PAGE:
The last decade has witnessed an increased emphasis on the development of devices based on organic semiconducting materials, whose attractiveness stems from their potential low production cost and the wide range of novel physical and chemical properties they offer. A key aspect for the device performance is the optimisation of the structure and morphology of the active layers, in particular in proximity to the various interfaces which play pivotal roles for the device functionality. Focusing on organic-organic heterostructures and interfaces, we report how the morphology of diindenoperylene (DIP, p-type semiconductor) films deposited on top of fluorinated cobalt-phthalocyanines (F16CoPc, n-type semiconductor) can easily be controlled by the growth temperature, ranging from smooth, layered heterostructures, to the formation of highly crystalline DIP islands.

In a first step, the F16CoPc films on SiO2 were characterised by X-ray reflectivity (XRR) and grazing incidence X-ray diffraction (GIXD). Subsequently, the heterostructure growth was performed by stepwise deposition of DIP onto previously grown F16CoPc films and characterised in situ after each growth step. Figure 75 shows the XRR and GIXD data associated with a heterostructure grown at 120°C. By fitting the XRR data we access the electron density profiles of the sample, revealing, among other things, the evolution of the topmost film surface and of the organic-organic interface morphologies during heterostructure growth. The heterostructure follows a Stranski-Krastanov type of growth (i.e. wetting layer followed by island growth). Most interestingly, this growth behaviour is concomitant with a reconstruction of the two to three F16CoPc buried layers closest to the interface, as observed from the GIXD data in Figure 75b. The coincidence between the amount of reconstructed F16CoPc and the percentage of surface area covered by DIP gives insight into the reconstruction process itself, which takes place in those areas covered by the DIP wetting layer (Figure 75c). The final heterostructure features a reconstructed underlayer in proximity to the interface, a DIP wetting layer and highly crystalline DIP islands whose size and density can be tuned by coverage and growth temperature (Figure 75d). However, this is a thermally activated process, and for growth temperatures below 70°C, smooth heterostructures form and no F16CoPc reconstruction takes place at the organic-organic interface. The similarities observed with the growth of DIP on F16CuPc highlight the generality of this novel growth scenario to different fluorinated phthalocyanines [1,2].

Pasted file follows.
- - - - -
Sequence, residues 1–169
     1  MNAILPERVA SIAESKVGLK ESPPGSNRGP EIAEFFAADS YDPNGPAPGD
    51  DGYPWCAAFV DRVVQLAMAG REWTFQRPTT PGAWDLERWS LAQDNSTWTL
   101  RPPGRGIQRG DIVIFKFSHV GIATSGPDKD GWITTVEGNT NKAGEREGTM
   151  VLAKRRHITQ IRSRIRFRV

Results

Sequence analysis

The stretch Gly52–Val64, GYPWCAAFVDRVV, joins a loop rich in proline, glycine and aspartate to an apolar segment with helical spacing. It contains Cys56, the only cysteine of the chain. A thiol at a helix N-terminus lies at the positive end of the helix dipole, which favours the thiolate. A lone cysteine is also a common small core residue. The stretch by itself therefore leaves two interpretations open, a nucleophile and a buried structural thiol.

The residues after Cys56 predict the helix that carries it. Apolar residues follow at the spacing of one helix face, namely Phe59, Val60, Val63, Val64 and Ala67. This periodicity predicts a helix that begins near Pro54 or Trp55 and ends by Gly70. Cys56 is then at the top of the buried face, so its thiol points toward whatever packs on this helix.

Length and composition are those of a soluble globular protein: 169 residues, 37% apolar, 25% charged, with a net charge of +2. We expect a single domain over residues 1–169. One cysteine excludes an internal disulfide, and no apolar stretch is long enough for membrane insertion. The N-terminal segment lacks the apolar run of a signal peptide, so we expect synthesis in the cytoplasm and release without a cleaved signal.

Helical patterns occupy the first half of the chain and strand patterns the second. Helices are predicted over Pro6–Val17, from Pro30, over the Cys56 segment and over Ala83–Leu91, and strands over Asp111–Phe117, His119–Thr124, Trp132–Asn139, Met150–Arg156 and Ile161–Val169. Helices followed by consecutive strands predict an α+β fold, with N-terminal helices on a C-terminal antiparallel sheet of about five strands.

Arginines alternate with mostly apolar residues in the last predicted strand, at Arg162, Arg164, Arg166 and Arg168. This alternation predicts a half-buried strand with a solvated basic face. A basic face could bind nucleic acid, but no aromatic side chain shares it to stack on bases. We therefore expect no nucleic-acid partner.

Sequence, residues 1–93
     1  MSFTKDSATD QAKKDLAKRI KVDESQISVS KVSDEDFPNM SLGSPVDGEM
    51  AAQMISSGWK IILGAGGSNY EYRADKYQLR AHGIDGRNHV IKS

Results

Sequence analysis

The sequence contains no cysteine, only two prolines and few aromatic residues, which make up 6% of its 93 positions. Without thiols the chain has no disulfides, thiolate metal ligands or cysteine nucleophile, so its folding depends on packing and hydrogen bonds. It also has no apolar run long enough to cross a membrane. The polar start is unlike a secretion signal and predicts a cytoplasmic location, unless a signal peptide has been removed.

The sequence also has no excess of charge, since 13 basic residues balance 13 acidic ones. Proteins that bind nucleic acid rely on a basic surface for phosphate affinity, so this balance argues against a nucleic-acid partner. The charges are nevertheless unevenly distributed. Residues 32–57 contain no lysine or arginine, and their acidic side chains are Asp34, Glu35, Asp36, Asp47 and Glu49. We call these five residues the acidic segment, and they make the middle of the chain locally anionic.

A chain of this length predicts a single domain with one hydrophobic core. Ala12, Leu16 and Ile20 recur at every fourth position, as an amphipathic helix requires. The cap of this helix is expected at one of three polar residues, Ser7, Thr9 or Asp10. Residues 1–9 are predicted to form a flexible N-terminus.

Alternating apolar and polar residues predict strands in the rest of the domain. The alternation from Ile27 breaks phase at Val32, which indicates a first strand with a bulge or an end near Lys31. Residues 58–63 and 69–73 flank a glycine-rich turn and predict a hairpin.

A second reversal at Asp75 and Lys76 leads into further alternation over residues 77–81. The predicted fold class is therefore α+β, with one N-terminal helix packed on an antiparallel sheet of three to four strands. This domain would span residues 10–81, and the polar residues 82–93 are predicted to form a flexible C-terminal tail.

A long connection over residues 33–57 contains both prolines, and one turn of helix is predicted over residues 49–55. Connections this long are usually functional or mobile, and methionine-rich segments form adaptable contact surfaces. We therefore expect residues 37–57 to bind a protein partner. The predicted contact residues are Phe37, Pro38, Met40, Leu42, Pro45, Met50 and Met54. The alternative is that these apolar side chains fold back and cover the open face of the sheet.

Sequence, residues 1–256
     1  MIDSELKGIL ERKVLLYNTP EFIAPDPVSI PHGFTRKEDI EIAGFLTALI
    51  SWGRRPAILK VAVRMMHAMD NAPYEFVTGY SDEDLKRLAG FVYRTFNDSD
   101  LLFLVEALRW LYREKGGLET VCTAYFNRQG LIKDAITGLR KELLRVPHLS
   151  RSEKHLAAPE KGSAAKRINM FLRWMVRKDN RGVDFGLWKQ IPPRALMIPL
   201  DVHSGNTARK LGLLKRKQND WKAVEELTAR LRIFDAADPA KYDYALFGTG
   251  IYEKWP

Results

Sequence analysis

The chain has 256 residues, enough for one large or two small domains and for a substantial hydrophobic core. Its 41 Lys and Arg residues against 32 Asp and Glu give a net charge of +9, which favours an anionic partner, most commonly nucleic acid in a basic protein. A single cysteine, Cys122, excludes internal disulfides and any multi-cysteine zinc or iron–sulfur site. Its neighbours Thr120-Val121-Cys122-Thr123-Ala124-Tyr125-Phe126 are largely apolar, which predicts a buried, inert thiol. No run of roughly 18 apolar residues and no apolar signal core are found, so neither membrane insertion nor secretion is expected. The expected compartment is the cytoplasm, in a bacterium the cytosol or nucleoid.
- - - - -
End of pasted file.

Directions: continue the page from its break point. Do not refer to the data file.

Fig. 75: a) XRR data (symbols) and fits (solid lines) measured in situ at different steps of the heterostructure growth at 120ºC. b) Corresponding GIXD data, highlighting the shift of the F16CoPc reflections. The insets in (a) and (b) represent the diffraction geometries. c) Normalised intensity vs. DIP coverage of the “as grown” (black squares) and reconstructed (red circles) F16CoPc (01) ßbilayer Bragg peak. The green line represents the evolution of the percentage of surface covered by DIP as obtained from the electronic density profiles fitted to the reflectivity data in (a). The schemes at the right depict the suggested growth scenario. d) AFM topography image (2x2 µm2) of a 6 ML DIP / 3 ML F16CoPc heterostructure grown at 120ºC.

The use of a position sensitive detector (PSD) provided access to a larger portion of the reciprocal space, thereby allowing us to determine for the first time, not only the thin film structure of F16CoPc, but also the three-dimensional crystallographic structure of the DIP films/islands and their polycrystalline nature (Figure 76).

Fig. 76: a) Two-dimensional GIXD data corresponding to 4.8 ML DIP on 2.5 ML F16CoPc grown at 120ºC. The upper spectrum corresponds to the integrated intensity along qz, while the right hand side profiles correspond to the intensity along the DIP rods. The positions for the observed DIP Bragg reflections as calculated from the optimised unit cell parameters are overlaid on the graph (shifted by 0.7 Å-1). The measurement geometry is schematically depicted in the inset. b) Schematic representation of the heterostructure, evidencing the presence of multiple coherently ordered crystalline domains within each of the islands.

In summary, we have shown a controllable route to finely tune the morphology of organic p-n heterostructures, and have given evidence for its intimate relationship with the structure at the organic-organic interface. This study provides new insight into the mechanisms of organic heterojunction formation and their kinetics, thereby increasing the current understanding on the growth of organic materials for optoelectronic applications.



[1] E. Barrena, D.G. de Oteyza, S. Sellner, H. Dosch, J.O. Osso and B. Struth, Phys. Rev. Lett. 97, 076102-1-4 (2006).
[2] D.G. de Oteyza, T.N. Krauss, E. Barrena, S. Sellner, H. Dosch and J.O. Osso, Appl. Phys. Lett. 90, 243104-1-3 (2007).


Principal publication and authors

D.G. de Oteyza (a), E. Barrena (b,c), Y. Zhang (b), T.N. Krauss (b), A. Turak (b), A. Vorobiev (d) and H. Dosch (b,c), J. Phys. Chem. C 113, 4234-4239 (2009).
(a) Donostia International Physics Center, San Sebastián (Spain)
(b) Max-Planck-Institut für Metallforschung, Stuttgart (Germany)
(c) ITAP, Universität Stuttgart (Germany)
(d) ESRF